It Only Took One Sunburn to Ruin My Face Forever

Here's what to do if it happens to you.

1970s sunbathing
(Image credit: Archives)


In some ways, my skin never stood a chance. I went to high school on the Jersey Shore in the early '00s—i.e. the height of the tanning craze, when every blonde celebrity had the pallor of fruit leather, and my friends were hitting the tanning beds multiple times a week.

But I didn't want to wind up wrinkled before I was 25—or you know, a statistic (fact: One American dies every hour from melanoma). So I stocked my bathroom with sunscreen, and diligently hid under an umbrella at the beach. I was, by most accounts, the model of sun safety.

Until, that is, one lazy afternoon in July 2013. I sat in the sun a bit too long and got a mild sunburn. Not particularly remarkable—just enough to make me feel hot and itchy. I took the usual steps: applying cooling aloe vera gel and extra moisturizer, and sitting on my hands to keep from picking. But the burn didn't go away.

After a few weeks, it morphed from red to brown—a mottled shade that required me to coat my face in foundation in an attempt at even skin tone. That was was five years ago. Now, I have permanent brown patches on my cheeks and forehead. If I'm not wearing makeup, and sometimes even when I am, people comment on my "tan," asking, "Did you just get back from vacation?" No. No, I did not. And I have this frustrating, permanent "mask" to show for it.

face, hair, eyebrow, nose, cheek, lip, skin, chin, head, forehead,

(Image credit: Archives)

For a few years, I just relied on makeup to cover up my past. And then I realized, hey, I'm an editor, and I have a ton of dermatologists at my disposal, so why not use them to find out what exactly happened to my skin and what I can do about it? Here's what they had to say:

BLAME IT ON: My Hormones

When I visited dermatologist Neal Schultz, M.D., he took one look at my face and declared a diagnosis: melasma. "Melasma is a skin condition caused by estrogen, which makes your pigment cells hypersensitive, resulting in patchy patterns often seen on the cheeks and forehead," he says. "One bad burn, and it's there forever." Uplifting, right? Though melasma usually shows up during pregnancy (thanks to those raging hormones), it's also linked to certain kinds of birth control—a thing I most definitely am on.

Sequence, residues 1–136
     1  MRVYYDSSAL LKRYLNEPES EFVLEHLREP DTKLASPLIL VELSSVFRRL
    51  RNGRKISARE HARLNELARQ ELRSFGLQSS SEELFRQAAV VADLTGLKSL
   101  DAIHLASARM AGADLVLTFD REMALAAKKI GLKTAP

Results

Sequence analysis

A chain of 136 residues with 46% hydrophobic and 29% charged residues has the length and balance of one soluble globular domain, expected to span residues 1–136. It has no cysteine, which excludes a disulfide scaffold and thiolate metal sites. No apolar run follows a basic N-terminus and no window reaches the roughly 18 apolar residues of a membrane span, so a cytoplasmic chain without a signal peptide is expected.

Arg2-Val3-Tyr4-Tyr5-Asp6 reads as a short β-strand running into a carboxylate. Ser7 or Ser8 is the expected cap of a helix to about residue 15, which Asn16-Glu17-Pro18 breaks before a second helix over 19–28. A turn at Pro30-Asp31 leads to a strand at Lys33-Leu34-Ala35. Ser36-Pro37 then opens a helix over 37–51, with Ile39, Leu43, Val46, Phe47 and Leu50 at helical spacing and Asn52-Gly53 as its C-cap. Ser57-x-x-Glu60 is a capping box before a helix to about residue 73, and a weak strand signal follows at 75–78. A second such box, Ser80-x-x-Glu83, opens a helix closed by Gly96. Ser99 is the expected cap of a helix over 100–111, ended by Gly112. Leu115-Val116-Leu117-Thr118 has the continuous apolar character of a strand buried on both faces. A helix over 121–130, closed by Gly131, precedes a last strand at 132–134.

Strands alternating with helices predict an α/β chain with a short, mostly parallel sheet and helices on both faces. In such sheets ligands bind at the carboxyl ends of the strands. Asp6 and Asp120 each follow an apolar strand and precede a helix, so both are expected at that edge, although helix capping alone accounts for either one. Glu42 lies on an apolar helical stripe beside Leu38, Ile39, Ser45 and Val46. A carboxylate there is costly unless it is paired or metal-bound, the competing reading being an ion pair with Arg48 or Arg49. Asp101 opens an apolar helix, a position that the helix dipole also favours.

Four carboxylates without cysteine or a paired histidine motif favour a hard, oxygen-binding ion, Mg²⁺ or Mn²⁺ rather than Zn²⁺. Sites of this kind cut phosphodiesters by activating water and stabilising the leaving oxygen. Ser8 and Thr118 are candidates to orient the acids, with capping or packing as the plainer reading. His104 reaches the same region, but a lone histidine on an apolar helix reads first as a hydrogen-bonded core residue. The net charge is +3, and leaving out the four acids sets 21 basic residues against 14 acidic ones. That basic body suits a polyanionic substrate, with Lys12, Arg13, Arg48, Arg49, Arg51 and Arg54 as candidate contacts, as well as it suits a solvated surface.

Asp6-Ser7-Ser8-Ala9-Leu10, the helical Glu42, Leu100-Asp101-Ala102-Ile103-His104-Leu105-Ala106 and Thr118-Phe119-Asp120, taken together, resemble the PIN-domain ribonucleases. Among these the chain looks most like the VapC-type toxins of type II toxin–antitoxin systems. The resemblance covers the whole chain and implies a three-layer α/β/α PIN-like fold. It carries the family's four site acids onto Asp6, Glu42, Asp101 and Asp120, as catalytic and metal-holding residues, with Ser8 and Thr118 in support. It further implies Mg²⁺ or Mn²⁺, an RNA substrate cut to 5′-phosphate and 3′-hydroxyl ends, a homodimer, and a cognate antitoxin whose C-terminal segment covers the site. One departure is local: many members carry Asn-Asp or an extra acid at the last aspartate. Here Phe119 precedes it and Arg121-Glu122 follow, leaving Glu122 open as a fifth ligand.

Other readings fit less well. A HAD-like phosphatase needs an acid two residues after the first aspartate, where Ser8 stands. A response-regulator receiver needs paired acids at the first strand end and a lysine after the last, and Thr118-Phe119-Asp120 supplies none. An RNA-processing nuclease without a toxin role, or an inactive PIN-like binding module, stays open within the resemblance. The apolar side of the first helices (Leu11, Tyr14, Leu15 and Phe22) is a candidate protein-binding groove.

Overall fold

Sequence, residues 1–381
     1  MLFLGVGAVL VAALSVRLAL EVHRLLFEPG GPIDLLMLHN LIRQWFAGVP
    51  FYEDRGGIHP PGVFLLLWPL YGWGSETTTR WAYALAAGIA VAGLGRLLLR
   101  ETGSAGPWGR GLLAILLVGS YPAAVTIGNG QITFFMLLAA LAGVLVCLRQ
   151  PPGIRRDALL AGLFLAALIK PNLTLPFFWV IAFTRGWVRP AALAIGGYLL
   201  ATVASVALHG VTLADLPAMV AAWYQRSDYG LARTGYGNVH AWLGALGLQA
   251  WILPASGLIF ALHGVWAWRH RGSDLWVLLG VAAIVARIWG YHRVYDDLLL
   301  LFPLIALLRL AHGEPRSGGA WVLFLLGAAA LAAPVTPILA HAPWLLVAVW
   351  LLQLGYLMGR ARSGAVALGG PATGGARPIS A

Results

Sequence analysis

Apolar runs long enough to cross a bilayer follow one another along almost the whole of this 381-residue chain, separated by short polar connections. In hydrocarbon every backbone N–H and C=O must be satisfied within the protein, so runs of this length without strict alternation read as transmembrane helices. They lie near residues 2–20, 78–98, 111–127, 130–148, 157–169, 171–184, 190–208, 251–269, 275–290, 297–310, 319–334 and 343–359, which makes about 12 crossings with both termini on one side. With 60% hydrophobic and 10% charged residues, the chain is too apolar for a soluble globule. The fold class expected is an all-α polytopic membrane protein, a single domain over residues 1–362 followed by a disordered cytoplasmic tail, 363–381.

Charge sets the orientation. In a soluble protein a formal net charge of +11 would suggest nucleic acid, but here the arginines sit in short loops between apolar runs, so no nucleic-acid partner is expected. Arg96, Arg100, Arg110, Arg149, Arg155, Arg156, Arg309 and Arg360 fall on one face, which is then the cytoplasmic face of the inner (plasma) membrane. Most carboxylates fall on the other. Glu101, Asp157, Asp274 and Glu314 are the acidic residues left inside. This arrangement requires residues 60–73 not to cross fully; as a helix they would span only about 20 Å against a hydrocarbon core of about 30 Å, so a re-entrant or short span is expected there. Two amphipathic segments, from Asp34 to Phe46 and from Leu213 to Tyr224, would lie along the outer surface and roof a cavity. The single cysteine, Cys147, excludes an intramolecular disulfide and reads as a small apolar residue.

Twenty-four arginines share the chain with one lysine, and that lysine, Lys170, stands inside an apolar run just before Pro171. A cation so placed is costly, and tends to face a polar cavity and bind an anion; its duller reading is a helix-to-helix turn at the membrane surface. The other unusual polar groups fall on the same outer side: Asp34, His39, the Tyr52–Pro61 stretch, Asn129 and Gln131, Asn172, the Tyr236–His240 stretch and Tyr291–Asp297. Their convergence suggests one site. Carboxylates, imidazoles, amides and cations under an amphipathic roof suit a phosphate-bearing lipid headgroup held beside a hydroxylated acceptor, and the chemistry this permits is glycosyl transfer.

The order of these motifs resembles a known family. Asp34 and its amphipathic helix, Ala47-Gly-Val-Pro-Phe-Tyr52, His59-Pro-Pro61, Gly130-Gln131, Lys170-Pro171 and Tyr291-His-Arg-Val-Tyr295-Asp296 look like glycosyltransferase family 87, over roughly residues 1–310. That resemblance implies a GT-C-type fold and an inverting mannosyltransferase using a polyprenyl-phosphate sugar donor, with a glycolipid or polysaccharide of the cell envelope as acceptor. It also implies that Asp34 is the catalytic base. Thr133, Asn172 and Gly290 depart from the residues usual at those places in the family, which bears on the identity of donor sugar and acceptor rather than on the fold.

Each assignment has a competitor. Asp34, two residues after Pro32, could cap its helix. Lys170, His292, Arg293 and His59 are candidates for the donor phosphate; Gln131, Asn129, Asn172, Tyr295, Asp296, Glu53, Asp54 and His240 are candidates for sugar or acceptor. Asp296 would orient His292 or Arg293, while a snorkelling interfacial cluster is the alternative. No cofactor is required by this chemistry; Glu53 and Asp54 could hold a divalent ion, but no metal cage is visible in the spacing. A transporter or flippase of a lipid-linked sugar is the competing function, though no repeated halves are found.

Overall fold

"The sun can darken melasma faster than we can professionally lighten it, so we want to be extremely careful about sun protection," said Dr. Schultz. He was somewhat pessimistic about my prognosis (melasma is notoriously tricky to treat, since its tethered to your hormones), but stressed the importance of using sunscreen to keep it from worsening.

TREAT IT WITH: Sunscreen

This one is nonnegotiable—you need to wear serious sunscreen in the rain, sun, snow, even when you're indoors. Instead of chemical formulas, which absorb and scatter UV rays across your skin, he advised me to switch to a physical (i.e. mineral) sunscreen, which deflects UV rays like a mirror. It turns out that my morning moisturizer with a hint of SPF wasn't cutting it—you need a legit sunscreen to prevent melasma or protect it from getting worse. You can choose any brand you'd like, as long as it's SPF 30 or higher, but these are my four favorites.

AlSO BLAME IT ON: My Ethnicity

The only thing better than blaming your parents for all of your problems is blaming your parents' parents' parents' parents. Before I visited dermatologist David Colbert, M.D., I hadn't given much thought to my ethnic background since seventh grade social studies.

So when he asked me about my profile, my response was, "Um, white?" After pressing me for specific countries, I rattled off the list: a little Italian, a little Irish, some Polish, Serbian, German. The tiny bit of Irish caught his ear. According to Dr. Colbert, that was likely the part of my history that was overpowering the others, leaving me with something called Type I skin—as in, skin as pale as it possibly gets. That hue coupled with my day in the sun, along with my use of birth control made me an ideal candidate for lasting discoloration.


Because I wasn't about to go off of my birth control in the name of even skin. And because I haven't figured a way to change my DNA, Dr. Colbert recommended adding in gentle chemical exfoliant—like glycolic acid, lactic acid, or retinol—to help speed up my skin's resurfacing process. Use only one of these at a time (unless you want to burn your skin off), and apply just once every other night, before your moisturizer.


Has been slow. Every doctor I spoke with warned me that slow and steady would win the race—or, you know, get my skin to a place I'm happy with. So I'm currently trying a bit of everything: slathering on the mineral sunscreen every single morning, while using the exfoliating pads every few days and the lactic serum every other night. None of the doctors offered me an easy out, because, unfortunately, the problem takes both time and patience to treat.

I will say, though, that my skin and I are fully enjoying the daily pampering and extra attention. It's a small penance for burning it so badly in the first place. But word to the wise? Be good to your sweet, glowy, youthful skin while you have it. One bad afternoon in the sun is all it takes for it to never look the same.

If you do encounter a bad skin day, turn to one of my favorite foundations:

Kaitlin Menza